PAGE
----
How level 3 works
A key aspect of mindfulness is learning to recognize and play with the size and scope of one’s focus; to either lean forward and turn attention toward a specific object, or to sit back and cultivate a wide state of awareness, watching all contents of mind come and go equally.
This technique is easily emulated while listening to polyphonic music. Composed of numerous, simultaneous elements, this music proves a powerful object to use in practice. Through narration, we help guide meditators toward states of narrowing and widening focus, asking them to place attention on either individual lines, or the entire music as a whole. Since true mindfulness expands to encompass all contents of mind, we extend the practice further, asking meditators to become aware of thoughts and feelings lurking in the background of their mind in addition to the music itself, and to notice the spatial relationship between sounds, thoughts, and feelings.
One goal of our mindfulness course is for users to recognize distractions at continually deeper and more subtle levels. We work toward this by asking meditators to turn attention to these background contents. We call these lurking thoughts and feelings “the contents of the gaps.” Since they’re distinct from the music in the foreground, targeting these background contents with attention proves easier during a MusicMind session. Building on our established tools, we have users identify the spatial information of these background thoughts relative to their globe and relative to the music they hear overtop/in front of these contents.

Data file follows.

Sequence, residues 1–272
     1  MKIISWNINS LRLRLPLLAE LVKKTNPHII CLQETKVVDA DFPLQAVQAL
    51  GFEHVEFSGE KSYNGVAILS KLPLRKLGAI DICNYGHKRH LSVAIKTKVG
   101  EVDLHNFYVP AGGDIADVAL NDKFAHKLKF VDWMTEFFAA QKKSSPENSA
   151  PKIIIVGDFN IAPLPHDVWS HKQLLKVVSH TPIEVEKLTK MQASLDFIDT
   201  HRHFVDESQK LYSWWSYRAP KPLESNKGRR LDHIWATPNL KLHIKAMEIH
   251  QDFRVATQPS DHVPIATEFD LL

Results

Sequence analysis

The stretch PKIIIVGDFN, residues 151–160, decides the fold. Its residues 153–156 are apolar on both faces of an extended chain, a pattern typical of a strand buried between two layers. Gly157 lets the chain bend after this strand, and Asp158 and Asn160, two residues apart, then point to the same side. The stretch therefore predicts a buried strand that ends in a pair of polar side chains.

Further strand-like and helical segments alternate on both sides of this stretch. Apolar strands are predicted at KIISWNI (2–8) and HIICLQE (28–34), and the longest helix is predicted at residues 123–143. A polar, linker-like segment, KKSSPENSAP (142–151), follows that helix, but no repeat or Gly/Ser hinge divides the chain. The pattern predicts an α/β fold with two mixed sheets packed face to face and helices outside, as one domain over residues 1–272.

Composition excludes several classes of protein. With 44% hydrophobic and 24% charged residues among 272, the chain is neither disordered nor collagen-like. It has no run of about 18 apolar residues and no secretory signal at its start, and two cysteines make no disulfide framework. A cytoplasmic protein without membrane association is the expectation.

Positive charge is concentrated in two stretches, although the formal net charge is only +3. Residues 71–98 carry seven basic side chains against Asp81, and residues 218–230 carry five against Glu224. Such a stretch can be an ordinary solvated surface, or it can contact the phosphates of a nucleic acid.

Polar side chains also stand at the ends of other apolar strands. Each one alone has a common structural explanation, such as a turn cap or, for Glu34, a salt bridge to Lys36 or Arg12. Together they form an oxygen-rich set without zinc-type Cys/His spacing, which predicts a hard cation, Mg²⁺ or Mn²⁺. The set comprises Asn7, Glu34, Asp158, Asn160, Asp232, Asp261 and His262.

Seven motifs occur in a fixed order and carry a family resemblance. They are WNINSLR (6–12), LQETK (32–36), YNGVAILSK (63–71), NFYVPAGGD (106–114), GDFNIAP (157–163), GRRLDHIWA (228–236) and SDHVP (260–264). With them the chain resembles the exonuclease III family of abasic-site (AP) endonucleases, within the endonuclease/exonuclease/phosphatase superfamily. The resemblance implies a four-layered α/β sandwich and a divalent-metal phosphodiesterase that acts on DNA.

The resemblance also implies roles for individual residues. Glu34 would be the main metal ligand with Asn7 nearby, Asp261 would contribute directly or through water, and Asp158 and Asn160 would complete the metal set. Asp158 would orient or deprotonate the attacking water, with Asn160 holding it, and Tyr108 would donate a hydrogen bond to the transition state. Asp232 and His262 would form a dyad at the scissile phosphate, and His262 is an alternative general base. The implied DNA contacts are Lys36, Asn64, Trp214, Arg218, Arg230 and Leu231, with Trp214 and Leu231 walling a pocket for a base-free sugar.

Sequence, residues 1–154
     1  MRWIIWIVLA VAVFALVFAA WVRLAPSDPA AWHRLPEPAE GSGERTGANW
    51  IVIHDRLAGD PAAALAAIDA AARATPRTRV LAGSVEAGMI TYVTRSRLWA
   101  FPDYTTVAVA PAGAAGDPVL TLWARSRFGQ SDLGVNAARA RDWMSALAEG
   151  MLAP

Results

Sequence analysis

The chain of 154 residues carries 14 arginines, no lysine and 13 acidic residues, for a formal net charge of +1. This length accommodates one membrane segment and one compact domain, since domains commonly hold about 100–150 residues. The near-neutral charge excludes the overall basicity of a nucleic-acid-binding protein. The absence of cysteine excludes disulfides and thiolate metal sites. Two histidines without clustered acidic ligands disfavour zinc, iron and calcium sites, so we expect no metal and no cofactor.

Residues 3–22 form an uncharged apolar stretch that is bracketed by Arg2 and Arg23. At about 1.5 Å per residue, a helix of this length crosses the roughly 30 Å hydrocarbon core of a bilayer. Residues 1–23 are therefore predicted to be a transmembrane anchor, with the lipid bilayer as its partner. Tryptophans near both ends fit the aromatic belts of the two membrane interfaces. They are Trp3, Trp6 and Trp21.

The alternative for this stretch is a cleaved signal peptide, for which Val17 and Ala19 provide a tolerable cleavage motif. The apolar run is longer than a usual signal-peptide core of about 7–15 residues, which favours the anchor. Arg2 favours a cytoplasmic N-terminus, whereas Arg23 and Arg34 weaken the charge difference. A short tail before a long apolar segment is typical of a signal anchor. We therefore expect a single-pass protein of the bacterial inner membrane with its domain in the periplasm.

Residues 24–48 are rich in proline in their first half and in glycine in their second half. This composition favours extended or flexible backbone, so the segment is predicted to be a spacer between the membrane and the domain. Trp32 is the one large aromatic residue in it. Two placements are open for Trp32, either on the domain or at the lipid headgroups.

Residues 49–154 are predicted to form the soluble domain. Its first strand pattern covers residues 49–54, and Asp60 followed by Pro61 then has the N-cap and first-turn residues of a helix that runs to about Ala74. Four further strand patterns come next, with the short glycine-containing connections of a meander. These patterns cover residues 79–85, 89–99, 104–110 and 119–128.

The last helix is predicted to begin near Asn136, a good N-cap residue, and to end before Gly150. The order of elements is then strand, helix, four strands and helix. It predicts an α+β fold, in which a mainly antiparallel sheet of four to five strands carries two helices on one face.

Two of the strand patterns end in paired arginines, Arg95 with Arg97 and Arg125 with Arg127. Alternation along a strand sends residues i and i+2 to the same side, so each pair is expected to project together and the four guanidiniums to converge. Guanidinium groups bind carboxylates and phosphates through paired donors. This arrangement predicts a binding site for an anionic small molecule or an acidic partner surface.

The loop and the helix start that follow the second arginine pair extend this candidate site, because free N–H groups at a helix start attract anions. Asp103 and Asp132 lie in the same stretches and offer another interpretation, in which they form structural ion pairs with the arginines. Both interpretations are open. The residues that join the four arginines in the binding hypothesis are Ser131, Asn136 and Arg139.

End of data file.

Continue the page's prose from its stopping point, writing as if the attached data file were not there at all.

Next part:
To make the practice more sophisticated, we use both musical dynamics (volume increasing/decreasing) and textural changes in the sound to modify the perceived intensity and direction of the music. In other words, the music begins to feel as if it’s either “growing” into or “retreating” out of one’s mind. All the while, we ask meditators to keep their attention turned toward the contents of the gaps, and to notice the impact that growing or shrinking music has on the background layer of thoughts and feelings.(In general, we expect growing music to suppress background contents of mind, and vice versa).
This gives meditators yet another tool with which to observe thoughts; to notice how the size and immediacy of a more intense thought overpowers and “crowds out” a less salient thought/feeling. Achieving this perspective bolsters a meditator’s ability to observe, rather than participate.
In level 3, we use music to establish the relationship between spatial awareness and thought.
We begin by having meditators practice widening and narrowing focus between individual sounds in the music, and the music as a whole.
Next, we help meditators to become aware of the background contents in their mind which sit behind the music, what we call “the contents of the gaps.”
Finally, we decrease and increase the intensity of the music to help meditators practice noticing the growing and shrinking of the background contents of their minds.